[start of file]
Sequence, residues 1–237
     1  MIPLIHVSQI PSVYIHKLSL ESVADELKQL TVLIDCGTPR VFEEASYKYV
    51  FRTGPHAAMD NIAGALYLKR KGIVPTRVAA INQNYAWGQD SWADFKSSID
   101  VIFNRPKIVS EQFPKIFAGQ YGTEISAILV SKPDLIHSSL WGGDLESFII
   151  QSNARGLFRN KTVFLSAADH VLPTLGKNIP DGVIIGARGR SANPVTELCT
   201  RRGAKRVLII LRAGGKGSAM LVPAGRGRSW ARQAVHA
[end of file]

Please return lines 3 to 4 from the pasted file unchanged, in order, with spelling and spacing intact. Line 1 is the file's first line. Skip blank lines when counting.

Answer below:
    51  FRTGPHAAMD NIAGALYLKR KGIVPTRVAA INQNYAWGQD SWADFKSSID
   101  VIFNRPKIVS EQFPKIFAGQ YGTEISAILV SKPDLIHSSL WGGDLESFII